Does Your Small Business Need a Loyalty Program?

| April 15, 2019 | Strategic Growth

One of the most valuable assets a business can have is its base of existing customers. The probability of selling to someone who’s already made a purchase from you is 60-70%, while your likelihood of getting a new prospect to buy is just five percent to 20%, according to Small Business Trends.

Consider nurturing those existing relationships by creating a loyalty program for small business. According to a Bond Brand Loyalty report, loyalty program enrollments have increased 31% in the past four years, with the average consumer signed up for roughly 14 of them.

It appears the increase in interest coincides with customers’ demands for personalized attention from companies. According to Salesforce’s Connected Shoppers Report, 58% of respondents value personalized service when shopping in stores. Loyalty programs do just that by rewarding customers for their purchases. What’s more, technology has made loyalty programs easier and less expensive to implement, providing a cost-effective way to attract and retain business as well as increase sales.

Who Needs a Loyalty Program?

Any company can implement a loyalty program, but some might fare better than others. According to reward program software provider, businesses that sell “products with repeat purchasability,” such as clothing or consumables, are prime candidates for loyalty programs. When it comes to clothing, for example, styles and trends change with the season, so shoppers would see a benefit in buying several times a year.

In addition, businesses that have a profit margin above 10% are ideally suited to reward loyalty, netting a significant increase in customer lifetime value. And lastly, competition matters; small businesses with a lot of it in their market should consider adding a program to stand out from the crowd.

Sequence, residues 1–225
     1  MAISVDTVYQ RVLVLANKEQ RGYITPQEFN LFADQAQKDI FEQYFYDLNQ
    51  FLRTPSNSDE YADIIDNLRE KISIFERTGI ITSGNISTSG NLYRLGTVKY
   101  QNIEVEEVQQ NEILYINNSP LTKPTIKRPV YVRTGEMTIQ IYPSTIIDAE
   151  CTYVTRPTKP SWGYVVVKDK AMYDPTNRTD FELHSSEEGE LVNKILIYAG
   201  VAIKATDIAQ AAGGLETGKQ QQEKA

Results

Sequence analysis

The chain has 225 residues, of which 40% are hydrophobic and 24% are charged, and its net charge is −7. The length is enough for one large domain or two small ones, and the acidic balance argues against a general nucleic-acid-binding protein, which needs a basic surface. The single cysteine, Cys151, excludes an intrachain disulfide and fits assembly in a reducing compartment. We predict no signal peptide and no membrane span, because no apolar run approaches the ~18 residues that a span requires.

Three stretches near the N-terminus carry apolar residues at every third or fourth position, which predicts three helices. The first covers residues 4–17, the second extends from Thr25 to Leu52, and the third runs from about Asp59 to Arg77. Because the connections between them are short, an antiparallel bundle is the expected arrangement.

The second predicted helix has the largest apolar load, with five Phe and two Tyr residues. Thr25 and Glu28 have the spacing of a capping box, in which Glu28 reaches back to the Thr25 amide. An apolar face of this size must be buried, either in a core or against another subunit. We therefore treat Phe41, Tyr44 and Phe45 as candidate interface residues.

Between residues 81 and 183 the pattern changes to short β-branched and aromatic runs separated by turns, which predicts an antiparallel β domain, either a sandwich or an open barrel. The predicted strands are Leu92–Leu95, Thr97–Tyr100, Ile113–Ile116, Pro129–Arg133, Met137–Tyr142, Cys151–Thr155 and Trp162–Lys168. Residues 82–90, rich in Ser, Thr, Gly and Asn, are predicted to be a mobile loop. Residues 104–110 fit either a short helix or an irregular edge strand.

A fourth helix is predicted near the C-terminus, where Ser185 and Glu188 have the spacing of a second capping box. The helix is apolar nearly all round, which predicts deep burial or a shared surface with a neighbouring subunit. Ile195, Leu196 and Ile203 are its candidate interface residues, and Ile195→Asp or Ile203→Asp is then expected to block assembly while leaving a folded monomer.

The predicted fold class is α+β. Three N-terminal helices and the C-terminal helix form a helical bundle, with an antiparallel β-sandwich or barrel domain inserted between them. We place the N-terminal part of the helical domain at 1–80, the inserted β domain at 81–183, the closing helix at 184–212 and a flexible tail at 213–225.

How Do I Design a Loyalty Program?

Choosing the right loyalty program for your business will depend on your budget. The easiest way to implement such a program is to issue a punch card. This is popular with coffee or ice cream shops that offer a free product after a set number of purchases. You can also use an app-based version, such as Social Spiral, SpotOn or Spendgo. In addition to making the program digital, each of these platforms provide statistics about your customers as well as a variety of marketing features, such as text or email campaigns.

A great example of a loyalty program is Sephora’s Beauty Insider, which is tiered and based on sales. The first level rewards customers with access to a private community, discounts and a free birthday gift, whereas the top tier provides perks such as free two-day shipping, exclusive events and a private hotline for beauty tips and advice. The company reports that 80% of sales come through its loyalty program, according to an interview with Forbes.

Once you select the loyalty vehicle, tailor the rewards to your clientele and product offerings. Some businesses allow customers to redeem points for free products. You can also offer discounts, special sales or events open only to members. Whatever system you choose, make sure it’s easy for customers to understand and that it keeps them interested.

What Are the Benefits of a Loyalty Program for Small Business?

The biggest benefit for creating a loyalty program for small business is increased sales. According to Bond Brand Loyalty’s study, 66% of consumers will adjust their spending to maximize their loyalty points. Small business owners will often find that building a committed customer base helps provide stability and a consistent revenue stream.

Loyalty programs can also provide business owners with a way to entice more people to join their subscriber lists. These can help the company stay in communication with customers, thereby generating interaction and sales.

In addition, loyalty programs give customers a reason to talk about your business, which increases word-of-mouth marketing about your products and services. And, promoting your customer loyalty programs on social media improves your brand visibility online. Your customers can share your loyalty rewards online, spreading your message to a broad range of prospective customers.

What’s the Takeaway?

When you create a loyalty program for small business, you demonstrate to your customers that you appreciate them. This low-cost marketing program can go a long way in stimulating sales while rewarding loyal shoppers for their patronage. It’s a win-win.

Stephanie Vozza
Stephanie Vozza
Stephanie Vozza is an experienced writer who specializes in small business, finance, HR and retail. She has been a regular columnist for Fast Company for more than four years and her work frequently appears in Inc., Entrepreneur and Parade.

See all posts by Stephanie Vozza
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